The town crier got us started with an oh-yay and a horn and we did a half lap of the racecourse on the grass (fortunately they don't start a marathon in Aintree!). The course then weaved around Chester city centre past the famous clock tower, the cathedral and the tiered olde worlde shops called the Rows. Soon we were out of the Chester part of the marathon.  In reality the majority of the course was on rural roads held across the border in Wales.

I settled into a group regularly doing sub-6.30 to 6.40 times and figured that this would be the one to hang onto. The first half of the course was fairly flat with some gentle undulations but nothing noticeable when feeling fresh.  I was happy with the pace, but dropped off this group eventually towards the halfway point as the main people doing the work in the bunch suddenly dropped their pace.  I was through the half marathon point exactly at 1.28.  Slightly ahead of pace and only 2 ½ minutes off my half pb.

The next section of the race was when the going started to get tough however and the course became more undulating.  I was holding the pace at the right speed (6.50 for sub-3), but it was really tough going as the field was much sparser by now.  Some nice if sporadic support along the very rural route and Wallace and Gromit music in a village was great.  There was a couple of hills along this point that were absolute killers (not in terms of normal running) but when trying to stay on pace (not possible) and to get back onto my average pace after they finished they were real mental challenges.  Eventually I passed the 20 mile point seemingly at 2.15 (new pb for this distance). I now had 45 minutes for 6.2 miles to get sub 3. But unfortunately the course and my body had other ideas.  A succession of uphill drags meant that I was losing on average 30 seconds per mile and my body was giving the early warnings of cramp.  The mind games were now in full swing - every time I started thinking negative I tried to keep it within the moment - just keep pushing on and ignore everything else.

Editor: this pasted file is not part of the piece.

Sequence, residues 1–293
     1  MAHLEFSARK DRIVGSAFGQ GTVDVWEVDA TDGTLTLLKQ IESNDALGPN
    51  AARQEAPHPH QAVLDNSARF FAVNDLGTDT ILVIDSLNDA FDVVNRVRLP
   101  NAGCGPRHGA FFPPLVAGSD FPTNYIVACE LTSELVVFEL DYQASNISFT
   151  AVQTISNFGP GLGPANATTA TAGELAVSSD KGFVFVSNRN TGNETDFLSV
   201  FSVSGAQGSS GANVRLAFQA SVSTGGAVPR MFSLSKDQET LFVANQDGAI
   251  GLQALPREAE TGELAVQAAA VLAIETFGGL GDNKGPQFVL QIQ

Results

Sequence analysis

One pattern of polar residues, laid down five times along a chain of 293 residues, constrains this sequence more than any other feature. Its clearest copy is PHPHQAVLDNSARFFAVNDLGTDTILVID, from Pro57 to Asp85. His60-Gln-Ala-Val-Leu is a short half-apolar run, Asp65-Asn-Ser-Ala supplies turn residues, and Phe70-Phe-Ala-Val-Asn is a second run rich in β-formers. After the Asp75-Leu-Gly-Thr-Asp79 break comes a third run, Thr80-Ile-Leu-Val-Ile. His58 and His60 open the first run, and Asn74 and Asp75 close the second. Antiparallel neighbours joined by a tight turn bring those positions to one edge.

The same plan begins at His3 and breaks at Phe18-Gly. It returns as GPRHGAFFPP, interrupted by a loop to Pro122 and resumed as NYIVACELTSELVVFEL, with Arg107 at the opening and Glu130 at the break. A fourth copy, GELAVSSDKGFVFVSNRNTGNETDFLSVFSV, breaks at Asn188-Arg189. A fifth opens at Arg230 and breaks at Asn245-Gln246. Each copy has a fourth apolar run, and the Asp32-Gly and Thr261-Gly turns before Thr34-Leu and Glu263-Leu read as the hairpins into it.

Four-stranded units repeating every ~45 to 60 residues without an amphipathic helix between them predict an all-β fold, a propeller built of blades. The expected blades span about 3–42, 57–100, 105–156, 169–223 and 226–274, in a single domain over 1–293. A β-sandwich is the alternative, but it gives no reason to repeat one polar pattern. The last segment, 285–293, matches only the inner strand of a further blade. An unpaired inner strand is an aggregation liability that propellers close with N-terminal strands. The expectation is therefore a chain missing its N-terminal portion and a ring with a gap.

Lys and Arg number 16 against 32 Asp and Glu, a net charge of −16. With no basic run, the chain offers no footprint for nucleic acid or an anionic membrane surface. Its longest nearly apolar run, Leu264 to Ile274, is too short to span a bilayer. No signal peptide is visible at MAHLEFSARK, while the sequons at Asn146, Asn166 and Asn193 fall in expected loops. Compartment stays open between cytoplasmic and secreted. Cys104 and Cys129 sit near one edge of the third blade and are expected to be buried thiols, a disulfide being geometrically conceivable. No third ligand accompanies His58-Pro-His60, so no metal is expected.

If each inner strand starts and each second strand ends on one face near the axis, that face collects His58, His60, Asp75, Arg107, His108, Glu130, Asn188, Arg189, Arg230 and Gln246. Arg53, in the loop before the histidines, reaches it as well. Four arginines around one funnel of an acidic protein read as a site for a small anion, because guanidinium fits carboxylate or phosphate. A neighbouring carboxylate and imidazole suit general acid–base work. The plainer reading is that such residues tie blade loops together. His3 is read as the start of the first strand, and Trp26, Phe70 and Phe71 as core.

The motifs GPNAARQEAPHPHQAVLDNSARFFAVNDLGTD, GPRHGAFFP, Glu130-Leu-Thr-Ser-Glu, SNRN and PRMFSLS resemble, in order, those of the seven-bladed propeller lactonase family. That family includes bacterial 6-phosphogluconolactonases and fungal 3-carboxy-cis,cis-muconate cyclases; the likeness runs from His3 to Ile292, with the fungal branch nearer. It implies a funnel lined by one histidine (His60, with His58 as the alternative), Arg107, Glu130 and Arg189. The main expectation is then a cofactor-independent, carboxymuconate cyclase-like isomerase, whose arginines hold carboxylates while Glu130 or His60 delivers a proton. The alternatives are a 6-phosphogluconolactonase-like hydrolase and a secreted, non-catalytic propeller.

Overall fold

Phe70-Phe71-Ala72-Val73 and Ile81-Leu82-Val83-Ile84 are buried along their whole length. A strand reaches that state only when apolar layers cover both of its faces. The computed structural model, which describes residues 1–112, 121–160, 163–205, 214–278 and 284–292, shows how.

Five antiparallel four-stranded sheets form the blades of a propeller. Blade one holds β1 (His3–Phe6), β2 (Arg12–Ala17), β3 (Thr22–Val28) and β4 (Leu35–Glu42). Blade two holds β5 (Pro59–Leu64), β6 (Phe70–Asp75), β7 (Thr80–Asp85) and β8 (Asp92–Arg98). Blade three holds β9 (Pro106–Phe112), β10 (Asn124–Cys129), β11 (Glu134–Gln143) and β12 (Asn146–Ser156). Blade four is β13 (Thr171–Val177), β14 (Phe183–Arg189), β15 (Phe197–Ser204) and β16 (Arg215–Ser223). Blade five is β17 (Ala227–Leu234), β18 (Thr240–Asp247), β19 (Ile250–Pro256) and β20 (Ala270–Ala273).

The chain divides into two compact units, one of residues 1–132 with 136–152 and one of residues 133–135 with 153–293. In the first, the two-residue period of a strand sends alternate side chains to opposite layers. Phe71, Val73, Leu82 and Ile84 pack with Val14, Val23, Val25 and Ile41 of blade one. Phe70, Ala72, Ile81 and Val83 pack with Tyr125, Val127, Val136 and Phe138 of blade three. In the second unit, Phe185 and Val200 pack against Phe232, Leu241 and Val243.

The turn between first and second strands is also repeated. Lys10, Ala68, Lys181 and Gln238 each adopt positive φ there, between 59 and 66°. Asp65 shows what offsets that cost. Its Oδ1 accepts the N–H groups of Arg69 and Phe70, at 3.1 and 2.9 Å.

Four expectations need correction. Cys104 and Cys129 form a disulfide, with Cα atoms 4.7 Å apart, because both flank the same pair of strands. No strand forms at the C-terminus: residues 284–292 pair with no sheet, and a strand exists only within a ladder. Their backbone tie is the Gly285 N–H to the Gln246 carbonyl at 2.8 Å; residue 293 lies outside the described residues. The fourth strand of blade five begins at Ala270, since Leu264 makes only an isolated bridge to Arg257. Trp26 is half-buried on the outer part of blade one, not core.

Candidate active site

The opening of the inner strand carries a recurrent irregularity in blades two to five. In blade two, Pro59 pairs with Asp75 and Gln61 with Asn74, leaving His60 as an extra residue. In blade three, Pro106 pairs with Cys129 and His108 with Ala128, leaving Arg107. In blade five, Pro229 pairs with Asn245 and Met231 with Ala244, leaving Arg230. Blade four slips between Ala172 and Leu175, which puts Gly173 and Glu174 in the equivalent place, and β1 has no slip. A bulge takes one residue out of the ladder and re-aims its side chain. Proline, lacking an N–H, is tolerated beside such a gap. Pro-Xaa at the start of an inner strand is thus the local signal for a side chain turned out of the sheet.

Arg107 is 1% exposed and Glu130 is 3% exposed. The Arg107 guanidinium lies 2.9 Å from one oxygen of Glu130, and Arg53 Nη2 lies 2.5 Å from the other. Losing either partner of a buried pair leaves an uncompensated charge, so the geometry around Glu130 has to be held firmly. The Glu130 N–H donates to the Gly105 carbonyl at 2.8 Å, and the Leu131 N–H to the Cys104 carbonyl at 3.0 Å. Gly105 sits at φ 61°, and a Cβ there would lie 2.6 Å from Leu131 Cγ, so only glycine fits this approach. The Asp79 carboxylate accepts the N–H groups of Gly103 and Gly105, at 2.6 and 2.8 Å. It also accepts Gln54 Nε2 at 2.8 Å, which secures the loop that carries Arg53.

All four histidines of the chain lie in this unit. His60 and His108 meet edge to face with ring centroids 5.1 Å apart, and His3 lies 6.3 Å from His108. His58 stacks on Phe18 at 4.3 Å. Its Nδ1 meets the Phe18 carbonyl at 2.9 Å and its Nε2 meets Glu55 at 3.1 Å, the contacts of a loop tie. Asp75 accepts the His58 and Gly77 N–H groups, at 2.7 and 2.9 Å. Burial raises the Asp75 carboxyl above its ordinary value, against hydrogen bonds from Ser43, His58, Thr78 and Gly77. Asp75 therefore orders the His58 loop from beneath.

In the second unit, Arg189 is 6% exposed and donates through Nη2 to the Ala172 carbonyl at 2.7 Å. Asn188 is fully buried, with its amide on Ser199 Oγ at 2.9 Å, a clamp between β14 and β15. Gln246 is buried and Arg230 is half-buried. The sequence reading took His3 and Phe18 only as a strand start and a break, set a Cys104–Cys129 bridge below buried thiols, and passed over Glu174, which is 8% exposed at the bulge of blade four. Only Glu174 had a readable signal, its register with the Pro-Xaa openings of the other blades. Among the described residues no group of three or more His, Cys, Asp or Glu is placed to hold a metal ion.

Normally I get a bit of adrenaline at the end of a marathon and my pace picks up again, but the threat of cramp became real as my hamstring went for a full blown lock out that stopped me in my tracks. I didn't hang around to stretch it out however and carried on a downhill section breaking occasionally into the monty python ministry of silly runs onto the final riverside section, which led into the Racecourse.  Unfortunately, the bridge I thought signalled the entry to the stadium was another ½ mile away but I continued on at some sort of pace.  Finally the course came into sight and it was back onto the grass race course for a final push to get under the 3.03 mark.  Final official chip time was 3.02.50, nearly 8 minutes of my time from six years ago. And some proof that I haven't peaked yet! On the plus side, it will also allow me to qualify for the Boston Marathon either for 2013 or 2014, which is another tick on my bucket list!!!  Unfortunately, not quite sub 3 and 2 minutes 50 secs is also just too near to the sub-3 that I now have to try for it again.grrrrr!  Overall, I was very pleased with the time but with a sense of unfinished business.